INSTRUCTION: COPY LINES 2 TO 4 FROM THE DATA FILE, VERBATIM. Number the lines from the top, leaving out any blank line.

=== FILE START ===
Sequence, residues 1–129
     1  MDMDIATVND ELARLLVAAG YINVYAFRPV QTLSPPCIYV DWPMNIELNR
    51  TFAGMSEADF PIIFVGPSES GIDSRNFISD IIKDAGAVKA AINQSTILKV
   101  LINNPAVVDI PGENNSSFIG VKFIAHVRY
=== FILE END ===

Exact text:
     1  MDMDIATVND ELARLLVAAG YINVYAFRPV QTLSPPCIYV DWPMNIELNR
    51  TFAGMSEADF PIIFVGPSES GIDSRNFISD IIKDAGAVKA AINQSTILKV
   101  LINNPAVVDI PGENNSSFIG VKFIAHVRY